Most Michigan Women of Color Collective (M-WoCC) meetings look simple from the outside — a group of students seated in a circle, telling stories and listening to one another. The meetings, usually held in the Trotter Multicultural Center, aren’t even called meetings. Instead, members of the collective typically gather every other week for informal tea circles — with the group’s administrators responsible for providing the tea and moderating discussion.

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The heart of M-WoCC, what makes the student organization so significant and essential, are those discussions.

“We didn’t just want to be an (organization) that puts on events,” said LSA senior Zeinab Khalil, the co-founder M-WoCC. “We wanted to be a lifeline — a support group to bring women together and provide an affirming, safe space.”

Khalil formed the organization with the help of LSA senior Ciarra Ross and other students who thought the University lacked a space reserved for women of color to voice concerns and personal struggles. At its inception, the group was simply designed to give women an opportunity to be heard. It has since grown to offer those same women a place where they can deliberate and hear each other’s opinions about racial tensions at the University.

“I think we do respond to the recent debates about race relations, and we come to the space when things are coming to a head on campus,” Ross said. “This is kind of our space to just breathe, to say ‘OK, this is a lot right now — BBUM, UMDivest and a lot of other things that bring us together. It gives us room to breathe.’ ”

Ross stated how one of the biggest goals of M-WoCC is to be able to challenge women of color to look at themselves and their surroundings critically before formulating an opinion.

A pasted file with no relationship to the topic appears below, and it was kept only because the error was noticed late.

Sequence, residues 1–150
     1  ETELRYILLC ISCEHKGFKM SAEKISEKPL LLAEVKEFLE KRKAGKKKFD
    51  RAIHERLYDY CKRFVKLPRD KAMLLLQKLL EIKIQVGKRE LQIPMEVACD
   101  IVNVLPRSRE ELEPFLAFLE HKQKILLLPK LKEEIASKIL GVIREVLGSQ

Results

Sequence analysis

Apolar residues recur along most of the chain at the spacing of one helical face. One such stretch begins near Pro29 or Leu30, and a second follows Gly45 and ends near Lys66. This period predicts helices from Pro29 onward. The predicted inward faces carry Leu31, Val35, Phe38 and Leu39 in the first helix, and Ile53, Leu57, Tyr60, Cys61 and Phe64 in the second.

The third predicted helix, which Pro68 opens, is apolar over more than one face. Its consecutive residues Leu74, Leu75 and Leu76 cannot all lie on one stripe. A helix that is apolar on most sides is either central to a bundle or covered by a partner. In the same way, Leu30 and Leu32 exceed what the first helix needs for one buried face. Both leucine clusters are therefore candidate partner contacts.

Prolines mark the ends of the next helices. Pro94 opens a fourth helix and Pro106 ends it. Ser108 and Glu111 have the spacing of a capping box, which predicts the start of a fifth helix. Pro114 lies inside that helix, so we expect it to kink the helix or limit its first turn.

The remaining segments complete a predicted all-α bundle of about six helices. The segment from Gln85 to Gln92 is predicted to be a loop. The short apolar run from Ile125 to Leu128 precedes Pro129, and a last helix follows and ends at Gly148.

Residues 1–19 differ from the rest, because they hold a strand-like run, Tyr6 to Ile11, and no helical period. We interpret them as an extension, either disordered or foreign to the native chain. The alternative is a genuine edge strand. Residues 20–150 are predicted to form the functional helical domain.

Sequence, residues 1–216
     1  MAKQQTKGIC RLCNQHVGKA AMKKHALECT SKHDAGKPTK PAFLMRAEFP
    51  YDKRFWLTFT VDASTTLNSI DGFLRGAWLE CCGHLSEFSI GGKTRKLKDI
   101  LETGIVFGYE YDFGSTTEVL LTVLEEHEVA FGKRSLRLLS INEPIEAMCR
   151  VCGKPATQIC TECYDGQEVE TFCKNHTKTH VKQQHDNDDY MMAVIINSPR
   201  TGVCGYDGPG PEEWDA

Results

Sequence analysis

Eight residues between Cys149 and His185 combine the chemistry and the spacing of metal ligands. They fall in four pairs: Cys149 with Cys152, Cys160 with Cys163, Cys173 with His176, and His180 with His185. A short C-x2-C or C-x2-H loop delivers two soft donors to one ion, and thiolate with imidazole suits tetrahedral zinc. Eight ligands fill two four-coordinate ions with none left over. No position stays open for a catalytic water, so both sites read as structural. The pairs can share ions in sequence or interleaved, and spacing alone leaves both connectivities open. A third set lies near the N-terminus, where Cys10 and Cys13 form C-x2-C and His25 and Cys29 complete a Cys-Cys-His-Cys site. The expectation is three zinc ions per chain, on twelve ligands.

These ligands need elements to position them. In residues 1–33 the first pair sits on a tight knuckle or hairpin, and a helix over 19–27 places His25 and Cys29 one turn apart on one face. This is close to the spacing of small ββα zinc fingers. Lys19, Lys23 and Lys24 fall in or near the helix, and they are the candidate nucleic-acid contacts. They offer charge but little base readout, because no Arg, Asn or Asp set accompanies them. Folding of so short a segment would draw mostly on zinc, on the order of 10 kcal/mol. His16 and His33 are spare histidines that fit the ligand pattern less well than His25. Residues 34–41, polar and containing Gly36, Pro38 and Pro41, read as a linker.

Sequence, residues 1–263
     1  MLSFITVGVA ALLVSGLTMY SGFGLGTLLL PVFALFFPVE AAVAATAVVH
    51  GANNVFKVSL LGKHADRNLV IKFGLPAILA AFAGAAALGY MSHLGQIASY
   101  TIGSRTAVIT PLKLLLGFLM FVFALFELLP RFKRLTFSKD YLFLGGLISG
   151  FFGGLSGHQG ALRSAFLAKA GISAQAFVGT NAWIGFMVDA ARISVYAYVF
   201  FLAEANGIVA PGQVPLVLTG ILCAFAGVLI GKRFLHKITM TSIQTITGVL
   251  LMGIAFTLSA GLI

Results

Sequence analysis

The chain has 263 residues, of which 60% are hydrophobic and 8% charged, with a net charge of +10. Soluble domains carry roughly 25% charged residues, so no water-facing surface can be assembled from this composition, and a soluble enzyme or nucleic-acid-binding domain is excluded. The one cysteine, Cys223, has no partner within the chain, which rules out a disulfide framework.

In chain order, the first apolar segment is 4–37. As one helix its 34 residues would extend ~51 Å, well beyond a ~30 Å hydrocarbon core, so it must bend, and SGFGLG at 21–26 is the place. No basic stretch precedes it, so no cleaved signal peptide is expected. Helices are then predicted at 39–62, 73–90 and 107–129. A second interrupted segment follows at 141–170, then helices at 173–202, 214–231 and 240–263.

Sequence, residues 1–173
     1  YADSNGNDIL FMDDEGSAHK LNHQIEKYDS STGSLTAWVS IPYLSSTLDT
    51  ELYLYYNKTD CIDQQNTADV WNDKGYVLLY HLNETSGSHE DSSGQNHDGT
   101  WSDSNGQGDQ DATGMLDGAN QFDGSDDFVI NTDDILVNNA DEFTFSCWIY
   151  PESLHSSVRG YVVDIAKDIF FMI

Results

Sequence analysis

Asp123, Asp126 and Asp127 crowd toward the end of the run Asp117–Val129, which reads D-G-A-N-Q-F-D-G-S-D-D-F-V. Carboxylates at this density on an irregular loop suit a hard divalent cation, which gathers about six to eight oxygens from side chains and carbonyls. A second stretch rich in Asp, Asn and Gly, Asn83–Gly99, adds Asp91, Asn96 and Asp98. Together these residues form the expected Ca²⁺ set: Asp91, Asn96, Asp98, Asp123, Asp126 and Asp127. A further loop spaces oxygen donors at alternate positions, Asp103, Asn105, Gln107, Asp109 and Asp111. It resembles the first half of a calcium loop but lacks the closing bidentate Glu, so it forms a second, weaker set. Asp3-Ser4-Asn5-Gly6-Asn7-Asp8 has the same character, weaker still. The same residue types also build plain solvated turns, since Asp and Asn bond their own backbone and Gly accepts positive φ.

“We need to be challenged to be considered a ‘true sister friend,’ where it ceases to be about ally-hood and is really much, much more about sisterhood,” Ross said. “We need to be real with each other and honest because there can be so much vulnerability in the space.”

The guidelines M-WoCC has laid out to define the objectives of the meetings stress that the members seek to move beyond a safe space in order to provide a “brave space.”

Khalil and Ross took initial steps to organize these plans after being tapped last year by the Order of Angell, an elite campus leadership society. Though both chose not to remain a part of Order, the meeting, and later work over the summer for Youth Dialogues on Race and Ethnicity in Metropolitan Detroit inspired them to create M-WoCC.

“From the first time I met her, Ciarra inspired me in really, really profound ways,” Khalil said. “This woman is so unapologetic. Speaking truth to power, that defines Ciarra — regardless of who you are, she will hold you accountable, and that takes so much strength.”

Ross has also been an active member of NOiR since freshman year, an on-campus fashion organization that combines runway shows with community service. This year, she took over as the association’s president and played an integral role in organizing their latest runway show, called “Shameless.” She described how her experiences working with socially conscious campus groups helped her meet and be motivated by Khalil, something she called “the force of Zeinab.”

“So I fangirl Zeinab,” Ross said. “Zeinab has been one of those people who got me to really think critically about a lot of things I hadn’t before. When we met, I remember one of the first things I recall her saying is ‘are you sure about this?’ and just her presence and who she was made me realize ‘no … I’m not.’ That’s been the impetus of our friendship — she’s just pushed me to think, through her own thoroughbred activism.”

Khalil, an energetic participant in the UMDivest campaign, described what sets that particular movement and M-WoCC apart from many of the other organizations she has been a part of is a dedication to student empowerment.

“In the past few years, I have done organizing and have been involved in student orgs. but I’ve never felt this kind of empowerment,” Khalil explained. “For M-WoCC, it made me realize that there’s so much power in the collective. It’s not a sign of our weakness — it’s evidence of our humanity.”

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